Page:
If the Indians win, they could get more of the water that western states already are fighting for among themselves. The Pyramid Lake case illustrates the high stakes.

Nevada and the 16 other states that support its position in friend-of-the-court briefs argue that the finality of earlier court decisions--and the billions of dollars of investment that followed them--must be protected.

The tribe, the Justice Department and some environmental groups counter that the government's failure to assert the Indians' claim 60 years ago must be corrected.

"Any trustee . . . lacks the authority to deal away a beneficiary's 100-square-mile lake to more favored parties behind closed doors," Charles Wilkinson of the University of Oregon Law School wrote for a group of professors representing the Sierra Club and Friends of the Earth. The farmers should be able to conserve water that is now wasted, he argued.

The Pyramid Lake case also illustrates the conflicts raised when the government tries to represent competing interests--such as the irrigation of western lands under the Reclamation Act of 1902 and the reserved water rights of Indians, a doctrine first enunciated by the Supreme Court in a 1908 case.

In 1922 an Indian agent named Lorenzo Creel wrote his boss in Washington suggesting that the government assert a claim for more water for the Indians' Pyramid Lake. In a similar letter to a supervisor in Reno, Creel wrote:

"Neither the reservation officials nor the Indian Department had any vision of almost the whole volume of the Truckee River being diverted away from its natural channel and carried in a vast canal away over into the valley of another stream and there spread out over thousands of acres of desert lands cultivated by white farmers."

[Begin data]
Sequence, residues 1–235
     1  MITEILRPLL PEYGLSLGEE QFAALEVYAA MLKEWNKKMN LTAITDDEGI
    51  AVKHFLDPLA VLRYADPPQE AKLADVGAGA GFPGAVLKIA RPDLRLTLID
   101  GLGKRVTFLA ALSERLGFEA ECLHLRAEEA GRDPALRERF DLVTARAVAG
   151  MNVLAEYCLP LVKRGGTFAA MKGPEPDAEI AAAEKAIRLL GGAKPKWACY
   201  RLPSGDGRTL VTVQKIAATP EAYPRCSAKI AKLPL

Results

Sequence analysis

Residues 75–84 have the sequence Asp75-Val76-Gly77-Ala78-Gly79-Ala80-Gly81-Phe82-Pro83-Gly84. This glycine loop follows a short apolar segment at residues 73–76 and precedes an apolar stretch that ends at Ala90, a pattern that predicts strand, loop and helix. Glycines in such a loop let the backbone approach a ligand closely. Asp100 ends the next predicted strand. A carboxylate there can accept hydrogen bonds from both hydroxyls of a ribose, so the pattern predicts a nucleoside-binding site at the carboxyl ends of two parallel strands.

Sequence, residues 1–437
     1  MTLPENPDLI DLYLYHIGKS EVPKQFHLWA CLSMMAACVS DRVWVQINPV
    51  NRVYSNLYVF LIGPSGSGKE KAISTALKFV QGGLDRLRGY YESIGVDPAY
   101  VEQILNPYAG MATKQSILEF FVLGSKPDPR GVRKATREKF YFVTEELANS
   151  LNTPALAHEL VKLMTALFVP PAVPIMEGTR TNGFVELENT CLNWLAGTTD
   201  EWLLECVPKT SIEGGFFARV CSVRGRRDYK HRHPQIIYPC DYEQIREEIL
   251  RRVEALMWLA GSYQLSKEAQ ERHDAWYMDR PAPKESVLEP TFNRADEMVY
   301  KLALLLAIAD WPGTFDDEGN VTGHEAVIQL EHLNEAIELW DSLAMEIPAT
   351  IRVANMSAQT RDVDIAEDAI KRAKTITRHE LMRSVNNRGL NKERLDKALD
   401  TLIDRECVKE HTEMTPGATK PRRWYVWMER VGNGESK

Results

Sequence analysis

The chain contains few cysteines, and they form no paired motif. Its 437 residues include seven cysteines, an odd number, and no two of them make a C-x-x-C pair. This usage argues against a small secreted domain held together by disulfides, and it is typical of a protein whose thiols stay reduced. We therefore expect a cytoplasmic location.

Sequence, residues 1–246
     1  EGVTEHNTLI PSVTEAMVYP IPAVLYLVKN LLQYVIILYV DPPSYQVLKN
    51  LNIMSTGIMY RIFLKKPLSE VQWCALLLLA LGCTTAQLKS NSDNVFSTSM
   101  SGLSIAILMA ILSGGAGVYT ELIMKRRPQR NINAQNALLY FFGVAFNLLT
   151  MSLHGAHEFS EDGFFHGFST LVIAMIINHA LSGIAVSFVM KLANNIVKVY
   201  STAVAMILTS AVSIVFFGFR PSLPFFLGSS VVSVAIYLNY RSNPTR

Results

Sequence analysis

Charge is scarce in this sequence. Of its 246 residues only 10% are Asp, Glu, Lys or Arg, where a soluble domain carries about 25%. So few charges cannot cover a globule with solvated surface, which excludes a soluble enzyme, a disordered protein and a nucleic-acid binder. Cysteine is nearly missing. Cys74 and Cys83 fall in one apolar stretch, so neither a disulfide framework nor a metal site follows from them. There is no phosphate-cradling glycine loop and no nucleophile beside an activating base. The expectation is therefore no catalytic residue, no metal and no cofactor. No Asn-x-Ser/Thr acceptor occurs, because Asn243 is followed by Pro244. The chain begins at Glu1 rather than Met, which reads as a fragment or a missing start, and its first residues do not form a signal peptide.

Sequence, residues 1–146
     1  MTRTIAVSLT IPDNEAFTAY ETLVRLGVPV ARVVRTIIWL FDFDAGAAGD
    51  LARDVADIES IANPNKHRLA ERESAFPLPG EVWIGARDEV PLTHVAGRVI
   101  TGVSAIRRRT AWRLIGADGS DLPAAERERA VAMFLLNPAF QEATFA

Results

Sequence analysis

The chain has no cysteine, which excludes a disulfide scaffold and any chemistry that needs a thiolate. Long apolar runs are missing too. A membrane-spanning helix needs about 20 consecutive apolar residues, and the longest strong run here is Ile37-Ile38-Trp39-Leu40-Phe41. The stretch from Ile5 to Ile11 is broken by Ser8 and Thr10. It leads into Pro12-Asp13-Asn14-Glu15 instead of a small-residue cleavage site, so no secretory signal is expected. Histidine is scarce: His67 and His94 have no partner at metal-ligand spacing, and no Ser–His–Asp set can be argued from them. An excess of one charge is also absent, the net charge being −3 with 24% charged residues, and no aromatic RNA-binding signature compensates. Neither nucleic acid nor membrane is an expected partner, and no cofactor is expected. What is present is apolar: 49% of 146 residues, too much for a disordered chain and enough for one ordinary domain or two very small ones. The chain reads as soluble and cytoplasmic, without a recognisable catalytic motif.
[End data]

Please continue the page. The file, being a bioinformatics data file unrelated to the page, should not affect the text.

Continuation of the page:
The acting head of Indian affairs at Interior responded that he would do what he could to protect the fish "so far as consistent with the larger interests involved in the proposition having to do with the reclamation of thousands of acres of arid and now useless land for the benefit of the country as a whole."

In his letter to Dinkins last July 16, Coldiron wrote that the government "may have acted improperly" in not asserting the tribe's claim a half century ago. But he said the tribe should have raised the issue itself before the final decree was entered.

The 9th U.S. Circuit Court of Appeals ruled that Interior didn't have the authority to subordinate the Indians' water claim to the reclamation project, and directed a lower court to determine how to distribute the river's water between the Paiutes and the farmers.

Coldiron wrote that this put the United States "in the untenable position whereby it must argue to jeopardize the viability of the very project that it is statutorily charged to protect by the Reclamation Act of 1902 . . . . In effect, the 9th Circuit is requiring the government to 'cut off its nose to spite its face,' which is apparently unacceptable where Indians are concerned, but not where other federal interests are at stake."

The Justice brief, however, said the U.S. breach of trust was "of such a nature and magnitude" that the tribe's water right should be relitigated, despite the 1944 settlement.

Coldiron couldn't be reached for comment. Dinkins and Lee declined to discuss their differences with Interior. But Lee said, "In some instances it is simply that there are other considerations that may bear on the interests of the government that the agency may not be aware of. That lies at the root of why we have a Justice Department and solicitor general. You have to have someone funnel all litigation to the Supreme Court, someone who can see the big picture."

Dinkins said, "This position indicates that we take this trust responsibility seriously and will do what is necessary and appropriate to discharge it."